The late preterm infant is defined as being born between 34 0/7 to 36 6/7 weeks’ gestation, while the early term infant is born between 37 0/7 - 38 6/7 weeks’ gestation. The advantages of breastmilk feeding for premature infants are even greater than those for term infants; however, a large body of literature in the past 15 years documents the increased risk of morbidity, mortality, and long term sequalae of the late preterm infant often related to feeding problems, especially when there is inadequate support of breastfeeding. Early term infants can demonstrate some of these same characteristics, so deserve to be discussed and often managed similarly.
This discussion defines the characteristics of late preterm and early term infants, noting the effects on early postnatal adaptation and outlining ideal clinical management and morbidity prevention.
- Dr. Kathleen Marinelli
Following this session, participants will be able to:
- List the characteristics of late preterm and early term infants;
- Describe and anticipate the common perinatal issues and postpartum problems particularly as they relate to breastfeeding;
- Apply this knowledge to appropriate discharge planning and anticipatory follow-up with these infants and their families.
- 1 L CERPs / 1 Lactation Specific Hours
- Access period:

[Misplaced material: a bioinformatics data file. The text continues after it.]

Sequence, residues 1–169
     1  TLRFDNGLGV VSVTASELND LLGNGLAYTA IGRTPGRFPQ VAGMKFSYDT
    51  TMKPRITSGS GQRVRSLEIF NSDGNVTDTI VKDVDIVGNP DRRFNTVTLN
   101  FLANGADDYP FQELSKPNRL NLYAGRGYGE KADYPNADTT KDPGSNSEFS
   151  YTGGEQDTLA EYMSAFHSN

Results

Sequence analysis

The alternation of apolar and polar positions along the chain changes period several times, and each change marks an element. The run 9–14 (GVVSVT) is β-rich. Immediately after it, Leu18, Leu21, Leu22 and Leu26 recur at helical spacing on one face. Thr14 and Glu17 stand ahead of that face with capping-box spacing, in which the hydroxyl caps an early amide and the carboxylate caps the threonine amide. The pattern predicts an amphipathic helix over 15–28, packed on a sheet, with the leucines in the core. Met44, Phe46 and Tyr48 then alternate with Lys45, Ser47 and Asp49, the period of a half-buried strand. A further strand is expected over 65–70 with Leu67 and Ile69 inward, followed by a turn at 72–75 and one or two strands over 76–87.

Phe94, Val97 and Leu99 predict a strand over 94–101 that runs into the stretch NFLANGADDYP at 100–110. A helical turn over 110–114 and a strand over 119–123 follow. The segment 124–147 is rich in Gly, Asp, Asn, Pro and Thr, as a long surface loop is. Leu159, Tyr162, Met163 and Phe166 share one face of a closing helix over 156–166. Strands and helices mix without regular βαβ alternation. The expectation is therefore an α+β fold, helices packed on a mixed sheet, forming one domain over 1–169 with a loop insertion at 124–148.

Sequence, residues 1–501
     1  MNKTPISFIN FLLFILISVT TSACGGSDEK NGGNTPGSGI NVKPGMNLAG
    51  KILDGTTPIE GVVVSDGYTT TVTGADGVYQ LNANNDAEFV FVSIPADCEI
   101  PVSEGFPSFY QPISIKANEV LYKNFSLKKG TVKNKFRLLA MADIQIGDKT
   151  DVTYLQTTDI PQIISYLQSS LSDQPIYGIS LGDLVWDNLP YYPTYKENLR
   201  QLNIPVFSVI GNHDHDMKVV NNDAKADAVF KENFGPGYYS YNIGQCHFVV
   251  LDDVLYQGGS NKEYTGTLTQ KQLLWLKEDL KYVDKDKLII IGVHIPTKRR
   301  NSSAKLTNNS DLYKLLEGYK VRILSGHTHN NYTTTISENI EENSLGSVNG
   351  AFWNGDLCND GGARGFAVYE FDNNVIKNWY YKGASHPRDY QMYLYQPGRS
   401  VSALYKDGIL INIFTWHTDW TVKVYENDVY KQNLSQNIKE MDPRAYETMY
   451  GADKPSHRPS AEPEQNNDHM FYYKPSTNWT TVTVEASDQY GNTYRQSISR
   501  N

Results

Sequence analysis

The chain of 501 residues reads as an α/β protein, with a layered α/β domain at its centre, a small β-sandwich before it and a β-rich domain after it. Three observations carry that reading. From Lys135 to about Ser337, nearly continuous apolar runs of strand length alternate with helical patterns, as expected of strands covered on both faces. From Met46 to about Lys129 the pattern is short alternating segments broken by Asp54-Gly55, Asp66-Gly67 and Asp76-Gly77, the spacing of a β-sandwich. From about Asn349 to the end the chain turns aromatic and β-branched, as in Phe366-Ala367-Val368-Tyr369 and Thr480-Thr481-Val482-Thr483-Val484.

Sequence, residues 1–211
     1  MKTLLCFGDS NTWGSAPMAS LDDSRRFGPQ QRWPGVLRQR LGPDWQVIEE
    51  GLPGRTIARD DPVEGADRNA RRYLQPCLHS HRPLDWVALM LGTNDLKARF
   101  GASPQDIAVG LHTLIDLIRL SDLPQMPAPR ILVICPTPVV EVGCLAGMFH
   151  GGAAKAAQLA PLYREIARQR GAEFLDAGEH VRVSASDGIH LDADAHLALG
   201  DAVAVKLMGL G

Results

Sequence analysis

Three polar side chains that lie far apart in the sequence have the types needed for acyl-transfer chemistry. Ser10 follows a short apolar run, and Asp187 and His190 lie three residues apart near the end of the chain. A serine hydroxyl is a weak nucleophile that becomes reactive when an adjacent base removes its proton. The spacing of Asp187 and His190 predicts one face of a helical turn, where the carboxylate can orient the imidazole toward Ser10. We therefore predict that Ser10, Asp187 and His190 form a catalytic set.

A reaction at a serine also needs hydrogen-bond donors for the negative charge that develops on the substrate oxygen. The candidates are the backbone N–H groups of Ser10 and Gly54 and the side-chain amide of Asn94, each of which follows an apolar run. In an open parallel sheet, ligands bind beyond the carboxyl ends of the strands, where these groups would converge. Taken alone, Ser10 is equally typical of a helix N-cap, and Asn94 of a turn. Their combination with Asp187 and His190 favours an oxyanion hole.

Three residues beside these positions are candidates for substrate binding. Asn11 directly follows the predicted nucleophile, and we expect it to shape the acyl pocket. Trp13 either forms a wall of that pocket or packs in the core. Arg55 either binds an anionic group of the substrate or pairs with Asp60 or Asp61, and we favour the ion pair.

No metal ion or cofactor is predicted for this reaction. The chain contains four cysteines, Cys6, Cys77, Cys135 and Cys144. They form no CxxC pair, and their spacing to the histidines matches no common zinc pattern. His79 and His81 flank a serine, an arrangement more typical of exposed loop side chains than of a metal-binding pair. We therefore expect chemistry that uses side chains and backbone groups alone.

- One week
- Lecture recorded:
Dr Marinelli is a Clinical Professor of Pediatrics at the University of Connecticut School of Medicine, and has served as a neonatologist, and member of the Human Milk Research Center at Connecticut Children’s Medical Center, Hartford, CT, USA. She graduated from Cornell University and Cornell University School of Medicine and was a pediatric intern, resident, nephrology fellow, and neonatology fellow at Children’s National Medical Center, George Washington University, Washington DC.
She served 12 years on the Academy of Breastfeeding Medicine Board of Directors and many as chair of its Protocol committee, is Past-Chair of the United States Breastfeeding Committee, Chaired the Baby-Friendly Hospital USA NICU Initiative, serves on the Baby-Friendly USA Medical Advisory Committee, and served on the International Lactation Consultant Association's Board of Directors.
She has worked in donor milk banking as a medical director of two HMBANA milk banks for many years, and as Associate Editor of the Journal of Human Lactation since 2016. She has authored many chapters, research papers, and ABM protocols. Among her research interests are breastfeeding and human milk in the NICU, Baby-Friendly and Baby-Friendly NICU, donor milk and milk banking, infant and young child feeding in emergencies, and educating medical professionals. She lectures extensively around the world. Her proudest achievement are her four accomplished children, ages 26 to 35.